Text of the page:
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Old 19th September 2012, 12:07 PM   #1
akis is offline akis  United Kingdom
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Default Relay driver with holding current

Hello

I am looking for a clever/simple/few parts technique of activating a relay and then dropping off the current to a "holding" level to minimise the energy spent on the coil.

I am working with a 12V relay that activates on 7.5V and deactivatres on 3V.

I want to start it off at 12V, hold it there say for 0.5 seconds and then gradually drop it to 5V-8V which will be the "holding" state. If I switch it off it should clear itself immediately and forget it was in a holding state before.

I have experimented with adding an RC controlled bypass transistor but am not getting anywhere. Simple schematic attached. The idea is that you press the switch, the capacitor is short circuit and Q2 shorts the series resistance allowing full current to pass through. Once the cap is charged Q2 switches off and then the current though the coil has to go through an extra resistor. But when you try to switch off the relay and back on this circuit fails.


Thanks
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Old 19th September 2012, 01:33 PM   #2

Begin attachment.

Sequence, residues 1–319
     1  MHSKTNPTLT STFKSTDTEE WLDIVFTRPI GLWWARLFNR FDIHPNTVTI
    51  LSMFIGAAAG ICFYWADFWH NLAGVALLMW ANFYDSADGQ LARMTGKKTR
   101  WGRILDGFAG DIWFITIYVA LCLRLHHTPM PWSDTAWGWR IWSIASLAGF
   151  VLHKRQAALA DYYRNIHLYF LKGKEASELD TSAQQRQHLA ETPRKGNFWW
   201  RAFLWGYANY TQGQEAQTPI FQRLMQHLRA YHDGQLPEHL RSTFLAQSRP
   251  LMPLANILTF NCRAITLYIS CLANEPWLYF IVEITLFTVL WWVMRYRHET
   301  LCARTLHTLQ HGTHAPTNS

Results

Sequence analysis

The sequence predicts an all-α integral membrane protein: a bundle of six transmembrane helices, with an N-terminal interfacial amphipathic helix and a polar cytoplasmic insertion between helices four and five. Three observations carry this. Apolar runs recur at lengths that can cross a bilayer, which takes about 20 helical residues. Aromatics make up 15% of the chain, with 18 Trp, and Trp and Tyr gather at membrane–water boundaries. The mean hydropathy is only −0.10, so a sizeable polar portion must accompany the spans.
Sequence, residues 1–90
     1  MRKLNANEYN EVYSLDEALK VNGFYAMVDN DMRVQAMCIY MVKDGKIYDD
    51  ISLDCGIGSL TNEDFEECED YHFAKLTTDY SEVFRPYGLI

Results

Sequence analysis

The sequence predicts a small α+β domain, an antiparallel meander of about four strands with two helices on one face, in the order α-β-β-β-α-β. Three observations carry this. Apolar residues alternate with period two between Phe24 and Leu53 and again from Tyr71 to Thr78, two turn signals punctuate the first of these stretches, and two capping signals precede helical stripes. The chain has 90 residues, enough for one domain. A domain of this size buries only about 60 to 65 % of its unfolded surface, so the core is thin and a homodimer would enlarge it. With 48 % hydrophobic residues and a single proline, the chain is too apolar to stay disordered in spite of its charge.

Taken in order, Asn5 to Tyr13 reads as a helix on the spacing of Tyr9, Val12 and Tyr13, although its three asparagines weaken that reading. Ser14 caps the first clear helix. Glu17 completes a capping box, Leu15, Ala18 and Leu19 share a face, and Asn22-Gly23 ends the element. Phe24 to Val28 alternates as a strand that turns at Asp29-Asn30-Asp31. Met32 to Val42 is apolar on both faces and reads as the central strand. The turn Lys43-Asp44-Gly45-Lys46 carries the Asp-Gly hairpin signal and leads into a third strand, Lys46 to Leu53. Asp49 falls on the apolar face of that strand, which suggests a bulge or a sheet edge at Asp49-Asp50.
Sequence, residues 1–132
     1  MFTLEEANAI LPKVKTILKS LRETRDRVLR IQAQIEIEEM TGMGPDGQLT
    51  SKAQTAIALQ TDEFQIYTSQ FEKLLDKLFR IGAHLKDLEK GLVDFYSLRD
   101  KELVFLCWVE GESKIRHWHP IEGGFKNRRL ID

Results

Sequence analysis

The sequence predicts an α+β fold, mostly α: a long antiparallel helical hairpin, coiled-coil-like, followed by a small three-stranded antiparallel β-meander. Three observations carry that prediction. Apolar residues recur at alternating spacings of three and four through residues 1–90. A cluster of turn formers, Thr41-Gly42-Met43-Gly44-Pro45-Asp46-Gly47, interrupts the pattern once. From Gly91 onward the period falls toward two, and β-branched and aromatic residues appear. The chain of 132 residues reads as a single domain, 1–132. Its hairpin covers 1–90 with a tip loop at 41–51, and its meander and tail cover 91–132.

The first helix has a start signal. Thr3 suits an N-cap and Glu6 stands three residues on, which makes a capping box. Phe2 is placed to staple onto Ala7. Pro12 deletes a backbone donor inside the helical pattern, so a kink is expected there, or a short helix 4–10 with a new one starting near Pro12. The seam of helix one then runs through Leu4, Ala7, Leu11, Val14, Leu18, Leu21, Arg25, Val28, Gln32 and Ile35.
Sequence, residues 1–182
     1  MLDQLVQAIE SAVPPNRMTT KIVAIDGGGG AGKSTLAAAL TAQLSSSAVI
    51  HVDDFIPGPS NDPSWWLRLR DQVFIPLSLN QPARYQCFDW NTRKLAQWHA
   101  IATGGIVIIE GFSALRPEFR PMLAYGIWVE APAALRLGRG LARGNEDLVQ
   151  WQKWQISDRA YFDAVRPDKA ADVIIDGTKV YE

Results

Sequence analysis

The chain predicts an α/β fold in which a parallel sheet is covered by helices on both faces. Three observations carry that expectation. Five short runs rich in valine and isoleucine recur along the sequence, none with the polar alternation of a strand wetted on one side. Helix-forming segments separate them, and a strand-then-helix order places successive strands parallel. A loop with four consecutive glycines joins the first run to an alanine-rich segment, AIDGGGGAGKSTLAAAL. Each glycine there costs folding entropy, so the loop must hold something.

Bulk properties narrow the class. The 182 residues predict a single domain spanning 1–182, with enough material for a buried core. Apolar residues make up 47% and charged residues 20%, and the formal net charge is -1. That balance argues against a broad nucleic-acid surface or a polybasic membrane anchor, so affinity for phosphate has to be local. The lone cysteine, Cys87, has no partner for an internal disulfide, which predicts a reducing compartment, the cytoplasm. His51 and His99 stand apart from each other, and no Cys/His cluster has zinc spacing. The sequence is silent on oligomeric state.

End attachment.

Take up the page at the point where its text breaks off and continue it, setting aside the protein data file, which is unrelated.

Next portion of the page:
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A capacitor appears as a short at power-on, so you could try a completely passive approach by connecting the resistor and capacitor in parallel and putting them in series with the relay coil. When switched, the cap will pass current until the resistive DC voltage divider takes over to set the holding current.
When switched off, the cap discharges through the resistor. If you need a faster reset, use a DPDT switch the quickly discharge the cap. You'll probably need something bigger than 10uF for an acceptable delay.
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Last edited by sofaspud; 19th September 2012 at 01:37 PM. Reason: typo
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Old 19th September 2012, 05:08 PM   #3
akis is offline akis  United Kingdom